When “White Christmas” was written in 1942, Irving Berlin had good reason to yearn for the snows “just like the ones [he] used to know.” Measurements of the white stuff in Manhattan had been slumping since the late 1800s, with the 15-year rolling median of 35.5 inches from 1884 falling to a mere 15.6 inches by the year of the song’s release, and then plunging further, to only 13.4 inches in 1998-99. What has followed is nothing short of a holiday miracle: in the subsequent eighteen years, snowfall has increased in an unprecedented fashion across much of the Northeastern seaboard, with the rolling median at Central Park now reaching 40 inches. With New York City’s median recent snowfalls tripling in a matter of two decades and surpassing totals at the end of the Little Ice Age at the same time that temperatures have continued to warm, it is time for the city’s inhabitants to ask why exactly this is happening, and consider the practical implications that a rapidly-shifting climate will have on real estate.
Last month, YIMBY broke the story for a major site to be developed at 115 River Road, in Edgewater, New Jersey. While we initially reported the address at 615 River Road, that was incorrect; however, the developer of 615 River Road has now filed a lawsuit in Federal Court, alleging that a series of “corrupt transactions” led to the Borough’s vote to seize the property by eminent domain back in September, in a secret a bid to transfer the lot to developer Fred Daibes, who is behind 115 River Road.
New York City has a problem. As local politicians have consolidated their grip on power over the past several decades, many have become increasingly prone to serving specific groups of constituents instead of overarching ideals, noble, or otherwise. The Five Boroughs are no stranger to this kind of issue, with periods of historical stagnancy well-documented. But with electoral participation at staggeringly delegitimizing lows, local leaders like Gale Brewer will easily cruise to re-election. Amidst a backdrop of surging NIMBYism that is now more than glad to co-opt the tactics of Fake News, the outlook for the next few years on election day is rather bleak, as the politics of New York’s inward-looking regressive leaders will put up far greater barriers to entry than any potential wall along the Mexican border.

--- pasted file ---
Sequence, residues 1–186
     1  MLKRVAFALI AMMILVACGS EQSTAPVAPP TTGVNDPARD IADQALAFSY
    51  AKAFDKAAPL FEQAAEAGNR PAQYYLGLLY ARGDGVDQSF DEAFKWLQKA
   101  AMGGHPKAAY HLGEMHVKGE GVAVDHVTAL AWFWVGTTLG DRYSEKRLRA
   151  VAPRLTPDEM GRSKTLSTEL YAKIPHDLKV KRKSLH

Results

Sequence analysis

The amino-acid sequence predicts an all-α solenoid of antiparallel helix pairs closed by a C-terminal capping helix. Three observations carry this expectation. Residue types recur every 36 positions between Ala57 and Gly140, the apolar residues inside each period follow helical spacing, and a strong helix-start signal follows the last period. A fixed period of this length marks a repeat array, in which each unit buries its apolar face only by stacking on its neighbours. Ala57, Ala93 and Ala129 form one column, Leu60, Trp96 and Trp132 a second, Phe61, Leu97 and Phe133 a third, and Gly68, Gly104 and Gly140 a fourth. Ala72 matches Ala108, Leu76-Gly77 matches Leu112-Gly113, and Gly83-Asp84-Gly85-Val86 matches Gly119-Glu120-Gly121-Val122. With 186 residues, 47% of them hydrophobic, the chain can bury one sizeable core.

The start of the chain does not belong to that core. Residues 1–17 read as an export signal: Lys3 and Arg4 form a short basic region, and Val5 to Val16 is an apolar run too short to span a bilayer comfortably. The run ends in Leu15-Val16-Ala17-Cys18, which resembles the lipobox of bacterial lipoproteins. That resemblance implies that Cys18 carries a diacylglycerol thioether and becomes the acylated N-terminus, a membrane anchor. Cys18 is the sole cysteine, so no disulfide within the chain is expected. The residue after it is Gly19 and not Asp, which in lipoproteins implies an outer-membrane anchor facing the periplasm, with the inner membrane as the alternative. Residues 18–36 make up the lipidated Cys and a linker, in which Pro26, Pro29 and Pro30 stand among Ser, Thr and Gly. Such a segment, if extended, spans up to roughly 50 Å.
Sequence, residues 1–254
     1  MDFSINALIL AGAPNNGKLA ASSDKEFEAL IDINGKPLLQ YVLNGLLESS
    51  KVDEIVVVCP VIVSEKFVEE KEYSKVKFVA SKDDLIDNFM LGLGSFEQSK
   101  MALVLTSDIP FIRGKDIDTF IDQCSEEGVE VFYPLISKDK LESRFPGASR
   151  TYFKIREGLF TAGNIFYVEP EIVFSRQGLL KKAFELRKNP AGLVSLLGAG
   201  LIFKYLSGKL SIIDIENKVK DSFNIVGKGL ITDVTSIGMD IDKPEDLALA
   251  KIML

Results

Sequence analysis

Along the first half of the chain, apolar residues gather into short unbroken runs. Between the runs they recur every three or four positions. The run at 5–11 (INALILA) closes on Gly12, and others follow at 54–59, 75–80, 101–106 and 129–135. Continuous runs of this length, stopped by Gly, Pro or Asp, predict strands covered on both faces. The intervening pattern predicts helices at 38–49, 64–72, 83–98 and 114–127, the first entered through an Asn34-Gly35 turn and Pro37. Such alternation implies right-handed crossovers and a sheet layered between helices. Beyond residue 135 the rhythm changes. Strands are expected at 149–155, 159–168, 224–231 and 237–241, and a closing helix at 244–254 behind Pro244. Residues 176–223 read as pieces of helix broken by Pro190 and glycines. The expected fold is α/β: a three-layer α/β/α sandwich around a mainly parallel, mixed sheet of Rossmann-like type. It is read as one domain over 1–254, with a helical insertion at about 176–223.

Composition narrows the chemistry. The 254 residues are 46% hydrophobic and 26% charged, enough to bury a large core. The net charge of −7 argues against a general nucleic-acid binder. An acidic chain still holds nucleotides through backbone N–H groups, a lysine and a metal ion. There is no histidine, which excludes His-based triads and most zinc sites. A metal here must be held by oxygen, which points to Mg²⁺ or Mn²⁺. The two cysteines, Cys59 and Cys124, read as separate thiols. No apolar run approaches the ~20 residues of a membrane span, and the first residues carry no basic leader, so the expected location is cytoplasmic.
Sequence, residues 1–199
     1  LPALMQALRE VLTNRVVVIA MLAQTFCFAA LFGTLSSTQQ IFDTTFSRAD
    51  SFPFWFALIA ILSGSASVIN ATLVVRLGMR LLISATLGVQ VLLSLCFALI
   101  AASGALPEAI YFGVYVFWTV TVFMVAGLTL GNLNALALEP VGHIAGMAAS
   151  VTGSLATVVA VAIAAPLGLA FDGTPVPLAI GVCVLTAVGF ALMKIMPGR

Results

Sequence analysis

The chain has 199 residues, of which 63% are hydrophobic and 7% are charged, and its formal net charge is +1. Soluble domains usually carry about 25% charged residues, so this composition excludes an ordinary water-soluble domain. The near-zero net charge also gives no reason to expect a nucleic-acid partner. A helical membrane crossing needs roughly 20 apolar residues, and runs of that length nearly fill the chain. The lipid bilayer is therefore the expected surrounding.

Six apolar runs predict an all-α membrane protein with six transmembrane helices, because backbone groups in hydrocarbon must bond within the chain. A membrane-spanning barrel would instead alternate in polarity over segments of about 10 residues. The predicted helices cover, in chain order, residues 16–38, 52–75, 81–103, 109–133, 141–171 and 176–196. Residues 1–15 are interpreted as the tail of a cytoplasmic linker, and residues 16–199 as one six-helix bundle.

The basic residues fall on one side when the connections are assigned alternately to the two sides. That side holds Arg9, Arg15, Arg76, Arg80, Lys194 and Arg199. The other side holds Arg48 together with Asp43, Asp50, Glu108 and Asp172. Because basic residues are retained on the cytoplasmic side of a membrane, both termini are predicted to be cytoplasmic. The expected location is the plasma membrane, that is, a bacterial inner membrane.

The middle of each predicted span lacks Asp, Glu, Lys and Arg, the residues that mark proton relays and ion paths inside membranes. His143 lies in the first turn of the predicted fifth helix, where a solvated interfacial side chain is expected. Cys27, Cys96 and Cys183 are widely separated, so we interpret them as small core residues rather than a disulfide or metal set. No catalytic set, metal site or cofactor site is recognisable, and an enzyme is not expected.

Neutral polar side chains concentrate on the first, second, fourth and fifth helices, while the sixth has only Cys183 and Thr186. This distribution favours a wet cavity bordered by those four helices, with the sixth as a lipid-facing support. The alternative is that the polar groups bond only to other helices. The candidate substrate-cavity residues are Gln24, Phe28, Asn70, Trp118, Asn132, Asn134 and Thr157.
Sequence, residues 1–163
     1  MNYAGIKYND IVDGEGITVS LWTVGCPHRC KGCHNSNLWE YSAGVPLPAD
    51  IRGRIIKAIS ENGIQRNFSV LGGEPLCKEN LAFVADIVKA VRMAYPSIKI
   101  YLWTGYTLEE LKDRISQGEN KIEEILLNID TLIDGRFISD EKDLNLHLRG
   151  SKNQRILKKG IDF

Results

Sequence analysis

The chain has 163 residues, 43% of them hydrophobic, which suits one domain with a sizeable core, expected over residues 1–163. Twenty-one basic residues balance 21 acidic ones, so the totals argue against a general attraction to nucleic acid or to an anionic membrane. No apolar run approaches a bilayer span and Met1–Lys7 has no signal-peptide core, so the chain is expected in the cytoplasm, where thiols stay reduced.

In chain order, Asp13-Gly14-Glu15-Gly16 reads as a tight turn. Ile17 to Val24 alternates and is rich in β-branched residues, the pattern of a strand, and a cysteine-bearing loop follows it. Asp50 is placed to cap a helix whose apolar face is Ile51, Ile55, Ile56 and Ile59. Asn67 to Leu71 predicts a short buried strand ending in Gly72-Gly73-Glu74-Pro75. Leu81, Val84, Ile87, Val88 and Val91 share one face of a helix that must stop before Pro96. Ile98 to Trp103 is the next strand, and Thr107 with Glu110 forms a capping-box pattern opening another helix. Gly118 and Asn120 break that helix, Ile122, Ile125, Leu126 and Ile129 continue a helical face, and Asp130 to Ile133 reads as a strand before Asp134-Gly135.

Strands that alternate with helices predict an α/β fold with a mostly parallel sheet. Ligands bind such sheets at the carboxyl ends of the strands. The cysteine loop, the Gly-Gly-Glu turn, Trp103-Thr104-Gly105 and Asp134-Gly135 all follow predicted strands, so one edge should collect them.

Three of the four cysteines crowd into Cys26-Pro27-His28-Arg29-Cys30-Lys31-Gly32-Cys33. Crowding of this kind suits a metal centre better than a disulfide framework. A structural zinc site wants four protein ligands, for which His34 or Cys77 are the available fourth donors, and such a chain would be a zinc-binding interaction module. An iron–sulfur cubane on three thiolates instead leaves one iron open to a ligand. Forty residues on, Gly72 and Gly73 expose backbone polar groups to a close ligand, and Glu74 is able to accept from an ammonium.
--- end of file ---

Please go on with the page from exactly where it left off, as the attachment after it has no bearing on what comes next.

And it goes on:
New York City’s real estate industry has seen several new phenomena over the past decade, with the rise of the supertalls perhaps the most visible on the overall skyline. But across neighborhoods like the Garment District, Chelsea, and the peripheral fringes of Long Island City and Downtown Brooklyn, the hospitality boom has been the most notable happening, with parking garages and warehouses rapidly disappearing in favor of new hotels. Now, City Planning hopes to put a damper on the rush, with a proposed zoning amendment that would force any new hotels in M-1 zones to go through a special permitting process.
Technology and urbanity have a long and tempestuous relationship, with the former’s advancement over the past century having had an occasionally deleterious effect on the latter. This has been most evident when periods of previously unimaginable progress have yielded inventions like the automobile, which in turn led to the temporary collapse of many inner cities. Now, as online retail continues to outpace brick and mortar shopping, technology has once again laid siege to the fabric of New York City, threatening the time-honored local bodega, and potentially undermining a segment of local retail that has value far beyond its shelves.